The incidence of histological features with each disease aetiology is summarized in Table 2. Due to confounding factors of multiple clinicians, dosages and diagnostic tests, and the difficulty of retrospectively assessing the clinical severity of the disease in individual dogs, a statistically supported correlation of disease aetiology and histological findings could not be made. Likewise, there was no evident correlation between breed with subjectively evaluated mineralization pattern, fibrosis and inflammation.

Table 2. Incidence of histological findings and disease aetiology
 Endogenous (11)Iatrogenic (25)Unknown (4)Renal (6)
  1. Number of cases (n) is given in parentheses.

Diffuse27.2% (3)48% (12)100% (4)50% (3)
Multinodular45.4% (5)28% (7)016.6% (1)
Multifocal27.2% (3)24% (6)033.3% (2)
Epidermal atrophy63.6% (7)16% (4)25% (1)16.6% (1)
Osteoma cutis45.4% (5)16% (4)00
Transepithelial elimination45.4% (5)68% (17)75% (3)50% (3)
Scarring fibrosis27.2% (3)16% (4)016.6% (1)

Mid-dermal or deep dermal mineralization was seen in two dogs diagnosed with acute renal failure. Endogenous hyperadrenocorticism was diagnosed in seven of 14 (50%) dogs with epidermal atrophy evident on histopathology. Osteoma cutis was found in five of nine (55.5%) dogs with confirmed pituitary-dependent hyperadrenocorticism. No statistically significant correlations could be determined.

Mineral analysis

Light microscopy revealed grains with very low birefringency (i.e. almost isotropic) among remnants of paraffin in three samples. The grains had a slightly higher refractive index than 1.4960. These optical characteristics are consistent with those of apatite [Ca5(PO4)3(OH,F,Cl)]. Similar grains were not observed in the fourth sample.

The identification of those grains was undertaken by infrared spectrometry. Figure 4 compares infrared spectra of four samples with those of apatite and paraffin standards provided by commercial software installed in the spectrometer. Apatite has the primary and secondary peaks in wavenumber regions of 900–1200 and 500–700/cm, respectively (see Figure 4b). The primary peak is characterized by a shoulder at the higher wavenumber side, and the secondary peak is a composite of two.[13] As seen in Figure 4, the spectrum of the dog in Figure 4c showed two distinct peaks of apatite, suggestive of the highest content of apatite among the four samples examined. Apatite peaks were also observed for the dogs in Figure 4d and e, although they were less distinct than those for the dog in Figure 4c. However, unlike those three samples, the spectrum of the dog in Figure 4f did not show distinct apatite peaks, which was consistent with the light microscopic observations.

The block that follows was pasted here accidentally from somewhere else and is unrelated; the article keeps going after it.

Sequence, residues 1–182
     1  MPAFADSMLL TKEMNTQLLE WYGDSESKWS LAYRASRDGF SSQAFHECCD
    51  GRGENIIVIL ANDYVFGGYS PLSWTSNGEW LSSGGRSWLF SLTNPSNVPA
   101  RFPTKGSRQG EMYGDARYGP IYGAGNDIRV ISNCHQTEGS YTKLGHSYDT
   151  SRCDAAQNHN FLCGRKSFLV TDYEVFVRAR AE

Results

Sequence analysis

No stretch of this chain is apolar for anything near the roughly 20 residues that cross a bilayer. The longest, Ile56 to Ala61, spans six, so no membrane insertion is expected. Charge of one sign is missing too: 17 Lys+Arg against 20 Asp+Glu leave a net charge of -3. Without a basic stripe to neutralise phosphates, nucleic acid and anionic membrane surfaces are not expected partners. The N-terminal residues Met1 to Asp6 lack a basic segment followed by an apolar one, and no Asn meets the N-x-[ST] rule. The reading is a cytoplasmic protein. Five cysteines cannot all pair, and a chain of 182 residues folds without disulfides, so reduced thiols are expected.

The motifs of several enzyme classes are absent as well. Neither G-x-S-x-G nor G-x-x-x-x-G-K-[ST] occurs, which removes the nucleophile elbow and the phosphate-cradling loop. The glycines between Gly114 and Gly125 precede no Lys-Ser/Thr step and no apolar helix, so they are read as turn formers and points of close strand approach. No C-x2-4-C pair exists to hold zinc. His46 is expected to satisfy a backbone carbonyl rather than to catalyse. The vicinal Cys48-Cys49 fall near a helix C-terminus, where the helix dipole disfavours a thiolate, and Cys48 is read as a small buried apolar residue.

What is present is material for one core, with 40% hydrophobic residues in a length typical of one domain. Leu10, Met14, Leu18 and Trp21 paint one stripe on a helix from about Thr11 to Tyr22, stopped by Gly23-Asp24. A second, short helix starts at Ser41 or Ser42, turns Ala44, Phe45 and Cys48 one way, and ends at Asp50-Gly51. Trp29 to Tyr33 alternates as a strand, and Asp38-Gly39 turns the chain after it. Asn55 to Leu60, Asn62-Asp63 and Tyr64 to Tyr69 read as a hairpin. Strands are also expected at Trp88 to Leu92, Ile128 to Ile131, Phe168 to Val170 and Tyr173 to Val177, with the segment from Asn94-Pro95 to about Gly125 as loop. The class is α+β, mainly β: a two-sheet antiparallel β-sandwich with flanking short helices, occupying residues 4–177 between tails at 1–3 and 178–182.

image

Figure 4. Comparison of infrared spectra of four samples. (a) Paraffin (standard). (b) Apatite (standard). Three dogs reveal spectra consistent with apatite. (c) Dog with iatrogenic hyperglucocorticism secondary to treatment for insulinoma. (d) Dog with iatrogenic hyperglucocorticism secondary to treatment for multifocal brain disease. (e) Dog with pituitary-dependent hyperadrenocorticism. (f) Dog with unknown history.

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Discussion

  1. Top of page
  2. RésuméResumenZusammenfassung
  3. Introduction
  4. Materials and methods
  5. Results
  6. Discussion
  7. References

The present study documents iatrogenic hyperglucocorticism as the major cause for CC in a cohort of 46 dogs, followed by endogenous hyperadrenocorticism and underlying renal disease. The underlying diseases were not known in four dogs. Male dogs were over-represented and large breeds are predisposed, with Pomeranians (2 of 46 dogs) representing the only small breed in this group. Rottweilers and Rottweiler/Labrador retriever mixes, Staffordshire terriers, boxers, boxer mixes, Akitas and Pomeranians are over-represented when compared with the hospital populations. Statistical analysis of the breed predisposition of CC has not been reported previously, except for documentation of increased risk for endogenous hyperadrenocorticism in boxers, Boston terriers, dachshunds and miniature poodles.[2] While these were statistically significant findings, there were still small numbers of dogs with calcinosis cutis for each breed.

The exact pathomechanism of CC is not clear. It is defined as deposition of insoluble, inorganic mineral salts in the dermis, epidermis or subcutis.[2] The main factors necessary for tissue mineralization to occur include cation and anion deposition in tissues such as collagen or elastin.[1] In normal skin, calcium and phosphate ions are in metastable equilibrium in the extracellular fluid.[3] Changes in collagen fibrils may induce phase transformation of the ions, resulting in formation of crystal nuclei, which are deposited on organic matrices.[3] Furthermore, with abnormally elevated mitochondrial calcium phosphate levels, crystal deposition and cell death may result.[3]